These are the questions that too many of my fellow San Diegans have faced in the last few days as fires ravage homes all over San Diego County. Members of our shul, families from our day school, my husband's colleagues -- many have been displaced, forced to grab their loved ones, pets and the few things they can't bear to live without. This is not a case of the media making the situation sound worse than it is; it's bad and it's close to home.
We live in La Jolla, which means "The Jewel." Our community is little more than a stone's throw from one of the prettiest pieces of coastline in the entire county and boasts the best weather, too. We have a lovely shul with more than 280 families, a spa-like mikvah and an eruv on the way. This past Shabbat, as we do every week, we enjoyed our shul kiddush al fresco, socializing around the towering Torrey pine tree that defines our shul's courtyard. We could not have predicted that such a short time later, our blue skies would turn toxic, the crisp ocean breezes replaced with menacing winds and our Torrey pine and its courtyard laden with ash.
Thankfully, our normally idyllic coastal enclave seems to be out the path of the fire -- at least for now. But as the communities immediately to the north and to the east of us were steadily evacuated, my husband and I were increasingly concerned: What if we were next? What if a call comes in the middle of the night asking us -- telling us -- to leave? We had to take stock of our things. I was surprised that the closets of clothes did not seem that important, nor the plasma TV, and not the kitchen appliances that I use faithfully each week preparing for Shabbat. We packed one bag for our family of six, with pajamas and a change of clothes and basic toiletries. I put on the jewelry I cared about the most, not for their monetary value but because they were gifts from my husband and my late Papa, the grandfather who died in the spring.
Suddenly, I remembered the box in the attic that I call my "archives," a collection of writings from childhood through college. That box holds treasures like rhyming Mother's Day poems, the essay my tough high school English teacher blessed with the "much-coveted but rarely bestowed" A-plus and the clipping from my college Jewish newspaper that proudly wore my byline. For the first time ever, I needed to pull my ketubah out of its safe place. We would need the kids' special blankets and a few toys. My husband began to upload all of our pictures, grateful that our children's adventures are digitally preserved and easy to transport. Laptop, yes; book collection, no. Wedding album, yes. But what about yearbooks? Take the tefilin, the tallit. Hurry up and wait. We are lucky to have this be merely an exercise for now; not like the friend who spent the night with us after being evacuated. I cannot imagine doing all of this with fire in my backyard.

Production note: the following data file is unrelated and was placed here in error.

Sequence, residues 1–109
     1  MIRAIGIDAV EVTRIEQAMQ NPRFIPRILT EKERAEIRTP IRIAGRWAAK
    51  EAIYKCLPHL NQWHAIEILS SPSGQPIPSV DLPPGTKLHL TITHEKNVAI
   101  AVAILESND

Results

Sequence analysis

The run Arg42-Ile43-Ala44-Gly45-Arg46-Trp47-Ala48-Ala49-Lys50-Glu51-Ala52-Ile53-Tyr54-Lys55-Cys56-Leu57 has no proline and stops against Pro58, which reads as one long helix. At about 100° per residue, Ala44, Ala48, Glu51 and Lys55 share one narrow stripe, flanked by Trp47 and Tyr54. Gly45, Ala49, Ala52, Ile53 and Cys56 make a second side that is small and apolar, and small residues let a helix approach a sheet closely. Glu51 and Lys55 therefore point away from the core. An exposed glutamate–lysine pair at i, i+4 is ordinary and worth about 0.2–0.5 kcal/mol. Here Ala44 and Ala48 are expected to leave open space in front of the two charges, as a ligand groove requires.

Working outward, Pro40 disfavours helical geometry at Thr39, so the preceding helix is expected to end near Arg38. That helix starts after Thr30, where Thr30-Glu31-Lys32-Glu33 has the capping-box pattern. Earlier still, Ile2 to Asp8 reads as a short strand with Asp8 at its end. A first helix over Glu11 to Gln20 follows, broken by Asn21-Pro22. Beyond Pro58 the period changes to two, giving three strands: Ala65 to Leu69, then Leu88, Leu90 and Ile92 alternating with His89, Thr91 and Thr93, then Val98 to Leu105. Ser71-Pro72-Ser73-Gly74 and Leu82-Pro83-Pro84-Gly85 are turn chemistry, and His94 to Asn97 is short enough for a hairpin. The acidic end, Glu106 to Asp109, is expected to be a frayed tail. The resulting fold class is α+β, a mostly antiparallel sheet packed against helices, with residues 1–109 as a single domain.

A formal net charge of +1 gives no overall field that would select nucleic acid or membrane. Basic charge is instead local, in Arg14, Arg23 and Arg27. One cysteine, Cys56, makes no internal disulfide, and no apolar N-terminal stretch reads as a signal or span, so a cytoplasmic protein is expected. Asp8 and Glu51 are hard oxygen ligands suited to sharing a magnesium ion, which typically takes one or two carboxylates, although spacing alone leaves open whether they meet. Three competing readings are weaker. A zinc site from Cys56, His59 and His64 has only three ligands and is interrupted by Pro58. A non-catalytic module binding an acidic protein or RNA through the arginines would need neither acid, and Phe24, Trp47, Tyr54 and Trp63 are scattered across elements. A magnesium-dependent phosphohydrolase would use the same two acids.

There are good things about going through this. You read the e-mail from the old high school classmate from St. Louis who remembered you lived in San Diego. You catch up with the friends who moved to Florida last year. You reassure your family in Canada, New York, Los Angeles. You hug your husband and children tighter and know that they really are what matters. You pray.
You see amazing things from your community. Our rabbi's oldest daughter is getting married in two days. With 600 people expected for an outdoor chuppah, I started to panic for the rabbi's family. But the rabbi and rebbetzin, and even the bride, are amazingly calm. They are filled with faith that the skies will clear, the guests will arrive, and everything will be OK, so I am filled with confidence that the simcha will be truly that -- a joyful occasion.
With school cancelled and outdoor play outlawed, the parents of the community and educators are banding together to keep the children from going stir-crazy. On Monday, almost a dozen families spent the day at the shul, where we played musical chairs and learned about the parsha and fire safety. Today, the school's gym teacher came to the shul to run indoor games. We will spend tomorrow doing activities at the day school, and on Thursday a local movie theater will open early so we can screen a DVD for the kids in a safe, air-conditioned place. There is a feeling of achdut, or togetherness, that sweetens the otherwise stifling air.
Donations from all over the county are pouring in to help our fellow San Diegans. So many Jewish families, from the observant to the secular, have opened their homes to displaced friends. Our shul, like so many others, has collected diapers, food and bedding to help. Like the story of Abraham's tent in the Torah Portion Lech Lecha, so many have displayed lovingkindness, selflessness and a warmly welcoming attitude. To illustrate the point, one report speculated there were more volunteers than evacuees at Qualcomm Stadium, the largest of the evacuation centers for the more than 500,000 displaced San Diegans. That's a lot of volunteers.
Watching the footage of uncontained fires blazing just 10 miles or so from our home, I was struck that the parsha details the destruction of Sodom, a city divinely destroyed because of its denizens' petty cruelty and refusal to be welcoming to guests. Like Sodom, our beautiful city is facing a raging enemy that refuses to go without exacting a heavy toll.
But unlike Sodom, the extraordinary actions of hundreds of thousands of San Diegans who reached out to help have surely proved that this amazing city is worth saving. We pray that the winds will change -- both literally and figuratively -- and we look forward to dancing at the rabbi's daughter's wedding, our bags unpacked again.
Jessica Levine Kupferberg was born and raised in Los Angeles. A recovering lawyer, she resides in La Jolla with her husband and their four children.
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